Spalted wood

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Democritus

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Hi Guys,
I been given some badly spalted (beech?).
It’s very punky. I’m a bit unsure whether to use it. I have turned spalted stuff before, but not as punky as this stuff. I note that Richard Raffan says that he will never turn spalted wood because he doesn’t want a fungal infection. Has anyone ever experienced chest infection/illness following turning spalted stuff?
D.
 
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Wearing a good quality face mask or a respirator should be good protection from any released fungal spores and allow you to real those interesting patterns the fungus produces.
 
As above, use a good face mask. If it's soft you can harden with CA glue, I usually rough out close to what want then saturate the whole thing in CA and leave it for while then take light cuts to your finished shape, it might take several applications of CA depending how much material you need to remove to get past any tear out but I find it's worth it, once to final shape I usually saturate again before sanding so that I don't remove the soft areas faster than the stable areas, you can get a super glossy finish this way too.
 
Thanks for the advice, guys.
The wood is a fairly big piece, probably making a 10 inch bowl. I think a lot of CA glue would be needed to treat all the punkiness. Using cellulose sealer sounds a bit easier and more economic. Would the sealer need thinning or should I just slap it on? Then do I turn a bit, apply more sealer, turn, more sealer, and so on?
D.
 
Another thought. What about wood hardener? I’ve read somewhere that it works, but should not be used on anything that might come in contact with food. Is that right?
D
 
Admittedly, not a bowl but this Spalted Oak box had about 10 coats of sanding sealer applied to it, sanding/ flatting down between coats before a couple of coats of Microcrystalline wax.

20220204_133100.jpg
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20220204_133112.jpg
 
Thanks for the advice, guys.
The wood is a fairly big piece, probably making a 10 inch bowl. I think a lot of CA glue would be needed to treat all the punkiness. Using cellulose sealer sounds a bit easier and more economic. Would the sealer need thinning or should I just slap it on? Then do I turn a bit, apply more sealer, turn, more sealer, and so on?
D.
I use it as the club used it - diluted 50/50. Just soak well, leave for a few minutes and turn through it with a very sharp tool, then apply again. I always have some to hand, unlike C.A.
Wood hardener is exactly that - you 'll possibly find it too hard to turn through cleanly. I've used it but not for turning.
 
I use Ronseal wood hardener occaisionaly but the problem I find is that it rapidly clogs up the sand paper even after leaving it for a week to dry.
 
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Thanks for the advice, guys.
The wood is a fairly big piece, probably making a 10 inch bowl. I think a lot of CA glue would be needed to treat all the punkiness. Using cellulose sealer sounds a bit easier and more economic. Would the sealer need thinning or should I just slap it on? Then do I turn a bit, apply more sealer, turn, more sealer, and so on?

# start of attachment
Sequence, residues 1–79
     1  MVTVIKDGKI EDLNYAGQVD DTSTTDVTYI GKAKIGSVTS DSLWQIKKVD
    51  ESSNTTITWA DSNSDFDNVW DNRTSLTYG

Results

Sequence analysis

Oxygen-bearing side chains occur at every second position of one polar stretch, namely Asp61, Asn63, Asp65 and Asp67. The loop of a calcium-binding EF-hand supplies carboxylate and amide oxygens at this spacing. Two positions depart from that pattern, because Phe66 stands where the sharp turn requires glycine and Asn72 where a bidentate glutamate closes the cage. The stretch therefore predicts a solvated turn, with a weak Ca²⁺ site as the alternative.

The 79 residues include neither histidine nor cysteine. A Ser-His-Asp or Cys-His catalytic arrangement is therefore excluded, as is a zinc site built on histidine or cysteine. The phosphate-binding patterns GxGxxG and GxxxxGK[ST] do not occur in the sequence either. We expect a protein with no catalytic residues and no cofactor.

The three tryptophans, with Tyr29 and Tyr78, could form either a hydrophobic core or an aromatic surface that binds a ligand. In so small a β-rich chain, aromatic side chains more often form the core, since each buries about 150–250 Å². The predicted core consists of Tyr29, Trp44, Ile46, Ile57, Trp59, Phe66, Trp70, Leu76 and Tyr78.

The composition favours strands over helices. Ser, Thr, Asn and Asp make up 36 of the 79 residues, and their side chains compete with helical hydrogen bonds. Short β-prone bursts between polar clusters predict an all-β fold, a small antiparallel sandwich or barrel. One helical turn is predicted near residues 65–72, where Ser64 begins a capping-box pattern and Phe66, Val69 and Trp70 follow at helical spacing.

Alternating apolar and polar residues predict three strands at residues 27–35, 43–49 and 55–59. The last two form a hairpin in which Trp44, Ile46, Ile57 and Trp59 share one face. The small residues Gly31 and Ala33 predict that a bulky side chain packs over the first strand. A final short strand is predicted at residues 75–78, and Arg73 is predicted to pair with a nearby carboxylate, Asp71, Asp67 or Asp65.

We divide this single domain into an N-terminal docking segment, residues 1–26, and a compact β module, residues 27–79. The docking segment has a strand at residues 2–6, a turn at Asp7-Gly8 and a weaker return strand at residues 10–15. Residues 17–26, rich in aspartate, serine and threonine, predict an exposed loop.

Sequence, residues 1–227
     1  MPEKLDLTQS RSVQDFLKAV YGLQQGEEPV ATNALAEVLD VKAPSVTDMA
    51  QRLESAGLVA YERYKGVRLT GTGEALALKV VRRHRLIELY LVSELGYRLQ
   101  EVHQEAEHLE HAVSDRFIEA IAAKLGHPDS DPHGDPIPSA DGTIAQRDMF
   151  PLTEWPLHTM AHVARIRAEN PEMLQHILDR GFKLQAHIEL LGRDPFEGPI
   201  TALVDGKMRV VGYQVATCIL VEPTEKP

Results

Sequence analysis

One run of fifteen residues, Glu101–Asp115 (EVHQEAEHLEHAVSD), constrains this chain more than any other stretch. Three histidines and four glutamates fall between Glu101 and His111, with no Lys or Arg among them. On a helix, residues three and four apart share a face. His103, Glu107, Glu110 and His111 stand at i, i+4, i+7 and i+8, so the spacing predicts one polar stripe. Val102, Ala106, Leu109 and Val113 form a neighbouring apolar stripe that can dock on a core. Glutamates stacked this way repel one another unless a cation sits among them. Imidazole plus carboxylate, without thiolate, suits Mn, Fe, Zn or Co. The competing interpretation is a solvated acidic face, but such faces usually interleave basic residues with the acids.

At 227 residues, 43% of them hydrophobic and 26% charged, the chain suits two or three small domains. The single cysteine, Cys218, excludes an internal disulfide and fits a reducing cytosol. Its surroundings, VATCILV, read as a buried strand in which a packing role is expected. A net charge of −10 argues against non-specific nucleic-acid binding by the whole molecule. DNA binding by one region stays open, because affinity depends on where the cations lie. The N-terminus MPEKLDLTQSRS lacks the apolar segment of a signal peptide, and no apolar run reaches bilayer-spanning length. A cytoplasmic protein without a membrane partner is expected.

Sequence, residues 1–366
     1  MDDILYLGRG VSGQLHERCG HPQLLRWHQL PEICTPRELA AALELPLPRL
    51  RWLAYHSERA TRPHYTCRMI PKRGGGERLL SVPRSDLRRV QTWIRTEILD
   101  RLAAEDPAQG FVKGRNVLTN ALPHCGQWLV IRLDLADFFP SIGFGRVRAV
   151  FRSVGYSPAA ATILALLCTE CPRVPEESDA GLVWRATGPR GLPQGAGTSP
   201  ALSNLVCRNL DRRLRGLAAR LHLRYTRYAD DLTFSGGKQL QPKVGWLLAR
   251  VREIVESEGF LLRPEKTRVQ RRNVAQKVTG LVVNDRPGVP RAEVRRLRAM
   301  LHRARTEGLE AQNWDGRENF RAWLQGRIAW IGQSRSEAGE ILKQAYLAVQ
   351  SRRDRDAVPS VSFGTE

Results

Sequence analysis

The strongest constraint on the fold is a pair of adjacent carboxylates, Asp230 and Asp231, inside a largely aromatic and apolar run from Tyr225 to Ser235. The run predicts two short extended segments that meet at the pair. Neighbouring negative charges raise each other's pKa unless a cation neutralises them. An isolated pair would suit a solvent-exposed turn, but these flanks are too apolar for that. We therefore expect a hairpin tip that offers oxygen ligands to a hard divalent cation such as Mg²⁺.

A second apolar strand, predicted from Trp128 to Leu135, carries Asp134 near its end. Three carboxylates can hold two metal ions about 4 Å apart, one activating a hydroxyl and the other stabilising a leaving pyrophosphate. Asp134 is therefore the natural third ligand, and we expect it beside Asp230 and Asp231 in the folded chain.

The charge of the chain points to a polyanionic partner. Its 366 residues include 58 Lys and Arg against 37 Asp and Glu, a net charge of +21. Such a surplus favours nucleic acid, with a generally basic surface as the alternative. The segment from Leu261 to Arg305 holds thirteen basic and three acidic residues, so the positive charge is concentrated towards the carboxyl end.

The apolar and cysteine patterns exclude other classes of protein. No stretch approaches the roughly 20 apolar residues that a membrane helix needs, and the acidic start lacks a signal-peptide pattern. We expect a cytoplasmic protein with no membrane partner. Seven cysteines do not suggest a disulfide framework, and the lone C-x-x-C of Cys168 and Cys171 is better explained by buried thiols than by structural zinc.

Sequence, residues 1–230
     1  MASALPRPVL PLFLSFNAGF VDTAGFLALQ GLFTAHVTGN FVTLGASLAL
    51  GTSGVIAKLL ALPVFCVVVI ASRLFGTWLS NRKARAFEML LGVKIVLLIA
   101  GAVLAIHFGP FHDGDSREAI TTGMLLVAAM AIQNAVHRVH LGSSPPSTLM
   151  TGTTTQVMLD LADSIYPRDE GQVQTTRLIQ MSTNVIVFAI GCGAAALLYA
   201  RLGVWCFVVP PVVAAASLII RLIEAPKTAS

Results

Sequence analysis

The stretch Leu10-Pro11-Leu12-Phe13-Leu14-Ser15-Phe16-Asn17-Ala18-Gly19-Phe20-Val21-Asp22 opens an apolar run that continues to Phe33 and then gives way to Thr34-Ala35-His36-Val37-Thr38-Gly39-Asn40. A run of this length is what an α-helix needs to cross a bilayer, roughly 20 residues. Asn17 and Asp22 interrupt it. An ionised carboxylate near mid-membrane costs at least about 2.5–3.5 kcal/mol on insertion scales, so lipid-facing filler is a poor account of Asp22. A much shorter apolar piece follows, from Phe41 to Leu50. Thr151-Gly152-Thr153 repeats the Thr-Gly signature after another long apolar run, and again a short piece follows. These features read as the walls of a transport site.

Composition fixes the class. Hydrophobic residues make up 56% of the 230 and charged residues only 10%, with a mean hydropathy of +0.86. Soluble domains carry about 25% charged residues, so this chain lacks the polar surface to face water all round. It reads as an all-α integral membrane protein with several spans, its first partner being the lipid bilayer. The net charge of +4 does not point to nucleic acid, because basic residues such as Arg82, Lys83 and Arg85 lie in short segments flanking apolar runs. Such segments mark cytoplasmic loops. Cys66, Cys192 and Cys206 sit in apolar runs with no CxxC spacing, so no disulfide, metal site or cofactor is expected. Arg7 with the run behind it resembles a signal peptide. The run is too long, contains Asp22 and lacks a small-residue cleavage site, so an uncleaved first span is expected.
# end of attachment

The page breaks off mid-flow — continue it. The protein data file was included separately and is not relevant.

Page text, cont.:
D.
You can also make your own using alcohol and clear shellac crystals (unwaxed) both freely available and food safe. You can mix to your requirements and the product is definitely food safe (it is used to seal confectionery)

Plenty of YT vids showing how to mix.
 
Thanks, guys. I’ll give it a go with the sealer.
I let you know how it goes.
D
I’d recommend Smith’s CPES. A friend cut ‘tiles’ from salted beech and used CPES to harden them. This was for his kitchen floor. Very successful. I’ve used it to harden up some slightly rotted windows - worked a treat.
 
I’d recommend Smith’s CPES. A friend cut ‘tiles’ from salted beech and used CPES to harden them. This was for his kitchen floor. Very successful. I’ve used it to harden up some slightly rotted windows - worked a treat.
is there a UK supplier for this?
 
Eye wateringly expensive 😩

you could also wipe on epoxy resin to harden the surface or a 50% solution of a solvent based varnish with white spirit would soak into the more porous spalted areas and harden them up.
 
Hi Guys,
As promised, here’s the bowl turned from the very punky wood. I lost a fair bit turning it, and even then you can see the extensive rot that caused a good deal of chattering. I’ve no idea what wood it is.
D.
 

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Hi Guys,
I been given some badly spalted beech. It’s very punky. I’m a bit unsure whether to use it. I have turned spalted stuff before, but not as punky as this stuff. I note that Richard Raffan says that he will never turn spalted wood because he doesn’t want a fungal infection. Has anyone ever experienced chest infection/illness following turning spalted stuff?
D.

I have no wish to disagree with such a distinguished turner as Richard Raffan but Dr Sara Robinson, who is a Professor of wood anatomy who specialises in spalting specifically states that it is a fallacy. She has done a number of Youtube videos on the subject.
- (19m 48s)
- (16m 42s)

Well done with those bowls. Nice job.
 
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